Knicks guard Miles McBride (2) dribbles during the first half...

Knicks guard Miles McBride (2) dribbles during the first half of an NBA basketball game against the New Orleans Pelicans on Tuesday, Feb. 27, 2024. Credit: AP/Peter K. Afriyie

CLEVELAND — Little more than two months ago, the Knicks traded away Immanuel Quickley and on the same day, provided Deuce McBride with a three-year contract extension — seemingly solidifying his role with the Knicks.

Yet despite his status as a favorite of Tom Thibodeau for his defensive mindset and tireless hustle, in the ensuing weeks the Knicks traded for another Thibodeau favorite, Alec Burks, and now are expected to officially add Shake Milton to the roster when he clears waivers Monday — both backcourt pieces to compete with McBride for minutes off the bench.

And McBride, who has finally begun to find his footing in his third season, shrugs off the additions and competition.

“Honestly, I really try not to worry about it,” McBride said after the Knicks morning shootaround at Rocket Mortgage Fieldhouse where he scored 16 points in the Knicks' 107-98 victory over the Cavaliers. “I think I can just do what I can do, work as hard I can. If my name is called, my name is called. Anything else really just doesn’t affect me.”

The role is to serve as a backup point guard to Jalen Brunson — a limited opportunity with Brunson willing to stay on the floor as long as he can — and also play alongside him at times. While the two newcomers — one already with the team and another on the way — have size and experience, McBride remains confident that he can handle whatever he is asked to do.

“I just knew my work would pay off,” McBride said. “And then opportunities opened up. I think I was able to just fit right in.”

“He’s been playing great,” Brunson said of McBride. “He’s taking full advantage of his opportunity. And the thing he’s been able to do has helped us. So yes he’s playing well, yes he’s taking advantage. I'm not sure what his plus-minus is. When he’s out there, he’s making things go.”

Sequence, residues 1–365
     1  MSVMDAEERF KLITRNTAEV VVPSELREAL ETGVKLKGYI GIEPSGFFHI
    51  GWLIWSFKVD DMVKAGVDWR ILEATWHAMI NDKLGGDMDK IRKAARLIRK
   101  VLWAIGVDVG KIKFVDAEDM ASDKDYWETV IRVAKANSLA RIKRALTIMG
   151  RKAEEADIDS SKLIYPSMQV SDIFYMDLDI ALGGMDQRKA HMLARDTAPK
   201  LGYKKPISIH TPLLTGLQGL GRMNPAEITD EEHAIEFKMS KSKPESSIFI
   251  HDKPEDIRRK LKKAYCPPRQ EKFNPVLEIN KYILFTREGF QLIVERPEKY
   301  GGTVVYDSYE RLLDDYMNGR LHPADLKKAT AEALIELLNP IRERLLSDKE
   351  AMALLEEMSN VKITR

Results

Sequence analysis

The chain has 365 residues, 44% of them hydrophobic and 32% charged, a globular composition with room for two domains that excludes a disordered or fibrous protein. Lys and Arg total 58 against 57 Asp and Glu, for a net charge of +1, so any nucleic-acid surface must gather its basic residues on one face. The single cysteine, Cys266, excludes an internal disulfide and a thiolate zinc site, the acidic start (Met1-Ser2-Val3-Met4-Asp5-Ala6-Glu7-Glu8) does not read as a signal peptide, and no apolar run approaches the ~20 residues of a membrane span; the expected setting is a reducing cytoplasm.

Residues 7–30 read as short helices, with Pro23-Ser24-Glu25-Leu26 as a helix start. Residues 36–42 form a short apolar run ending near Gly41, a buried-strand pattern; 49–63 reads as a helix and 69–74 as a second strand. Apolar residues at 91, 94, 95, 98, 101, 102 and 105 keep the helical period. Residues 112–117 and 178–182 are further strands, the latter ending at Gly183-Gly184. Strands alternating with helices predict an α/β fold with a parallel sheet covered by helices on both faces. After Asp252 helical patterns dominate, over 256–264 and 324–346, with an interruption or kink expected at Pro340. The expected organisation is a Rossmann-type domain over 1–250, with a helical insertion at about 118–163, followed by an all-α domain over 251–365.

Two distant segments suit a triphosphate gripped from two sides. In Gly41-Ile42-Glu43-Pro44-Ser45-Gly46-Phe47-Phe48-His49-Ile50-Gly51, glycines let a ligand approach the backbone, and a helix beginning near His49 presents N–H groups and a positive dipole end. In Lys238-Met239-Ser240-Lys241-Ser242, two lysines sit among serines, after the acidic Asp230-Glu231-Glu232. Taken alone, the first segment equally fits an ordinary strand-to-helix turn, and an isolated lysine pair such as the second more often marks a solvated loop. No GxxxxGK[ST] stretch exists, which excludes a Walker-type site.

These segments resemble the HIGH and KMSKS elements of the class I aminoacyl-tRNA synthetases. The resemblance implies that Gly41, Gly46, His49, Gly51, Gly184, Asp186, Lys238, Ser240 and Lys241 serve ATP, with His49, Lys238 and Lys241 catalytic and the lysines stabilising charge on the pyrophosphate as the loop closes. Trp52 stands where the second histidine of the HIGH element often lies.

McBride played less than 10 minutes a game and appeared in less than half of the games as a rookie after being selected in the second round of the 2021 NBA Draft. He upped that to 64 games and 11.9 minutes per game last season, but still struggled to prove himself. He's  a defensive asset, pestering opposing guards for 94 feet, but offensively he still was finding his way. McBride is shooting 29.9% from three after shooting 25% as a rookie.

This season he sat in 13 of the first 31 games. But once Quickley was traded and he got the contract, McBride has appeared in every game and averaged 18.9 minutes. He is shooting 39.7% from three and averaging 8.8 points per game.

In eight games since Burks joined the Knicks he and McBride have played almost identical minutes (19.3 minutes for McBride to 17.9 for Burks). McBride’s shooting has dipped in this eight-game span, but Burks has struggled, too, in his second run with the Knicks. Burks has yet to provide the offensive stability or match the defense of McBride in this turn.

“I think in today’s game, he’s a guard,” Thibodeau said of McBride. “I like the versatility. I like using Jalen that way, as well. So I think they play off each other really well, and I think Alec does the same thing. And that was one of the big reasons why we picked up Alec, because we knew he could play handling the ball and then play off the ball, as well.”

Newsday LogoSUBSCRIBEUnlimited Digital AccessOnly 25¢for 5 months